Financial Stability Rearticulated: Institutional Reform, Post-Crisis Governance, and the New Regulatory Landscape in the United States
18 Pages Posted: 5 May 2014 Last revised: 9 Mar 2015
Date Written: February 2015
The Consumer Financial Protection Bureau (CFPB) is a regulatory agency of the United States government with a mandate to make "consumer financial products and services work for Americans". A direct response to the recent financial crisis, the creation of the CFPB in 2010 marks an important departure from the U.S. regulatory tradition of decentralized agencies whereby the institutional locus of financial oversight depended on the precise nature of the legal structure of and business activities pursued by individual financial intermediaries. In its mandate and institutional structure, the CFPB unifies both "micro-prudential" and "macro-prudential" principles of financial regulation to enhance overall financial stability. From an historical perspective, the creation of the CFPB does not change the regulatory landscape to the same extent as did the creation of the Federal Reserve after the Panic of 1907 or the creation of the FDIC after the 1933 Banking Crisis. At the same time, however, the CFPB represents a unique historical shift in the policy focus of U.S. financial regulation away from bank stability and monetary policy to consumer protection.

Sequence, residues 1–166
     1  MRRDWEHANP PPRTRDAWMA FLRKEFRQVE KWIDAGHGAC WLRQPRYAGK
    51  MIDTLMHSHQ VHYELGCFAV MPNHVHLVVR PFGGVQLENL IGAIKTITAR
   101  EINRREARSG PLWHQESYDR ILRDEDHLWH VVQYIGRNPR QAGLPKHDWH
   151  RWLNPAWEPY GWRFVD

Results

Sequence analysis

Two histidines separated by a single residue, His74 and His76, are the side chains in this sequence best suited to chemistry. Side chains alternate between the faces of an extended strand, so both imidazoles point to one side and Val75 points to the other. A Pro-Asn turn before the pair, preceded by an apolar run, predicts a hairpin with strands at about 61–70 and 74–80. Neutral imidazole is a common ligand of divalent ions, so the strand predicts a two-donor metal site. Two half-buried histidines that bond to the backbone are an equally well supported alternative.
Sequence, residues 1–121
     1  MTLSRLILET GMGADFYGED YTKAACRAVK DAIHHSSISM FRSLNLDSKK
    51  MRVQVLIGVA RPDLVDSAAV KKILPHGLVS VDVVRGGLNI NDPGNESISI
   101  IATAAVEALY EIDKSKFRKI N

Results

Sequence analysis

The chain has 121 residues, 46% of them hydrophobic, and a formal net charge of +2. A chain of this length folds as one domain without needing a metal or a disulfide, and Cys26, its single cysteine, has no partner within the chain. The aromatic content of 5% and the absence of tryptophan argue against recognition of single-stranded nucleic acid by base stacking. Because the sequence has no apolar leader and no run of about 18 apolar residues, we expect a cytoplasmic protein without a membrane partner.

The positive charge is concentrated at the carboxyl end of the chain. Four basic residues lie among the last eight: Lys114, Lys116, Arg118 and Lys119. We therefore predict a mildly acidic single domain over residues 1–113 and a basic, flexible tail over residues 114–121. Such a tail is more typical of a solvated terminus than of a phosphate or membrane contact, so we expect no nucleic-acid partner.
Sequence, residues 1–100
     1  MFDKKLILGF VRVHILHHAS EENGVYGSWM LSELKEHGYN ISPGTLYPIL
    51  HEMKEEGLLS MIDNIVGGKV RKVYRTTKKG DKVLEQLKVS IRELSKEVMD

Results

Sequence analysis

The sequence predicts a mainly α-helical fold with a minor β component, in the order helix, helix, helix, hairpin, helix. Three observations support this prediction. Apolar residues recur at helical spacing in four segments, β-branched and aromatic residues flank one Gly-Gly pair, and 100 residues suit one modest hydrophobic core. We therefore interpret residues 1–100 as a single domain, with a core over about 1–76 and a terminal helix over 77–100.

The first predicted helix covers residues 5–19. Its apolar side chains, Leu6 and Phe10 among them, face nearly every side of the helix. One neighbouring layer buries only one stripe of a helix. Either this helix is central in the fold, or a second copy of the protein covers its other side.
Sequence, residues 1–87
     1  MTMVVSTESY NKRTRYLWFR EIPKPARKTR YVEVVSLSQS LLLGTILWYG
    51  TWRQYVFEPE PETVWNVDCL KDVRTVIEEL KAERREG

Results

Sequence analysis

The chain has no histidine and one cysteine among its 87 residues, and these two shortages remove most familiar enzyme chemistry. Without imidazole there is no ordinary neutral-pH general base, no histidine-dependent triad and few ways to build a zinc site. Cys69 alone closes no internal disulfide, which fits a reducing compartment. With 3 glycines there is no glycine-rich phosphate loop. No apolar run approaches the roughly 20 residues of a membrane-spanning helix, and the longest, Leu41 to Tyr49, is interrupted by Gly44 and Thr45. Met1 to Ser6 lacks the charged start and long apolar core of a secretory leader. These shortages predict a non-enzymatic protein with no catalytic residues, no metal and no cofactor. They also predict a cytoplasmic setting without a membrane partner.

Keywords: Financial stability, CFPB, FDIC, financial regulation, financialization
JEL Classification: G18, G28, E42, R1
Suggested Citation: Suggested Citation